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‘Alarmingly high’ vitamin D deficiency in the UK

Over 50% of Asians living in the UK are severely deficient in vitamin D, leaving them more vulnerable to respiratory infections such as COVID-19 and musculoskeletal disorders, according to a large-scale population.

The journal Clinical Nutrition also reports that more than a third of Black Africans living in Britain have high levels of vitamin D deficiency, and lower socio-economic groups are more at risk.

Led by the Australian Centre for Precision Health, University of South Australia, using data from 440,581 UK Biobank participants, the study strengthens calls for a mandatory vitamin D fortification programme in the UK.

Unlike most other high latitude western countries, the UK does not fortify any staple food items with vitamin D, aside from a small amount added to margarine.

The hormone is naturally synthesised in the body through sun exposure, but long winter months and less time spent outdoors have contributed to alarmingly high vitamin D deficiency in pockets of the UK, with overall levels falling below the most conservative global recommendations.

First author, UniSA PhD student Joshua Sutherland, says the findings show that certain ethnic and socio-economic groups, as well as those living in the northern areas of the UK, are far more likely to be vitamin D deficient.

“The reason that people with darker skin are more at risk is because higher levels of melanin, which increases skin pigmentation, can lessen the skin’s ability to make vitamin D,” Sutherland says. “But this, combined with spending more time indoors and consuming lower vitamin D-containing foods, can foster severe deficiency.”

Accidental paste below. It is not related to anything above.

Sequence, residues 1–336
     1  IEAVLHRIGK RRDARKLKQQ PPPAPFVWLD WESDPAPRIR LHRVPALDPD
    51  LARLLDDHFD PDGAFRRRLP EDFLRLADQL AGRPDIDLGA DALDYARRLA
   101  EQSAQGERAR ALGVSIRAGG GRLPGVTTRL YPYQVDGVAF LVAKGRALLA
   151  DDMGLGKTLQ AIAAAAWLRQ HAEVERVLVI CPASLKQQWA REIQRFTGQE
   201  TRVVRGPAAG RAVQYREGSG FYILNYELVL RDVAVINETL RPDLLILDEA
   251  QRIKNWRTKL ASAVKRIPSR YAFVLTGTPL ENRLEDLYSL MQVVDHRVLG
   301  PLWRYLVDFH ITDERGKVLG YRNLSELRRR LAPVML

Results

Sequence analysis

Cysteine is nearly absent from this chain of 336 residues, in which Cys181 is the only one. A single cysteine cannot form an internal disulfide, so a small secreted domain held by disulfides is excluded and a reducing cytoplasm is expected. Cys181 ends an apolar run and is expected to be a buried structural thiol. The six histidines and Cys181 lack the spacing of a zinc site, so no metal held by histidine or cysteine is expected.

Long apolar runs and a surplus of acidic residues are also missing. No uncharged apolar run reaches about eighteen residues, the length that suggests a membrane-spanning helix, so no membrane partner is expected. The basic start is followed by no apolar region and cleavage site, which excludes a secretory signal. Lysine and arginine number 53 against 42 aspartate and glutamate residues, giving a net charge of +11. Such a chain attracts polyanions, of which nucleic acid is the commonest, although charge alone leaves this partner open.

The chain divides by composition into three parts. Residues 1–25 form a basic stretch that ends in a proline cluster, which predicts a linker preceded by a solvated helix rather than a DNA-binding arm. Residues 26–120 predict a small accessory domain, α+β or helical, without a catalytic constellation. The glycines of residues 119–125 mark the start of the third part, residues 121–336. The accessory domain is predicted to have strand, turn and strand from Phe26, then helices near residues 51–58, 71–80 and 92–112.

Of almost half a million people surveyed, we found that 57% of Asians were severely deficient in vitamin D (levels below 25 nmol/L) in winter/spring and 50.8% in summer and autumn.

Black Africans were the next most vulnerable (38.5% deficient in winter and 30.8% in summer), followed by mixed race people and Chinese participants. White Europeans had the lowest prevalence of vitamin D deficiency but many are still affected.”

Regular consumption of oily fish has a protective effect, but Asians are less likely to eat fish or use vitamin D supplements compared to other ethnicities, the researchers found.

There was a clear seasonal contrast in vitamin D levels among white Europeans, with 17.5% showing a deficiency in winter, compared to 5.9% in summer. The seasonal variations were not as marked in other cultural groups.

“These findings highlight the continuing need for effective health interventions to reduce the prevalence of vitamin D deficiency in the UK, both at the population level and within at-risk groups,” Sutherland says.

“Fortification of a single food item, such as the proposed wheat fortification programme, is tricky because some South Asian groups are more likely to eat millet and rice than wheat. It’s clear the UK requires targeted public health measures to mitigate deficiency risk in all affected populations,” he says.

The study was led by Professor Elina Hypponen, who is one of the world leading experts on vitamin D.

“The rate of severe deficiency was much higher in most population groups than we would have expected, so these results are really very alarming,” said Prof Hypponen.

Paper: Differences and determinants of vitamin D deficiency among UK Biobank participants: a cross ethnic and socioeconomic study. Clinical Nutr.; www.clinicalnutritionjournal.com/article/S0261-5614(20)30639-7/fulltext

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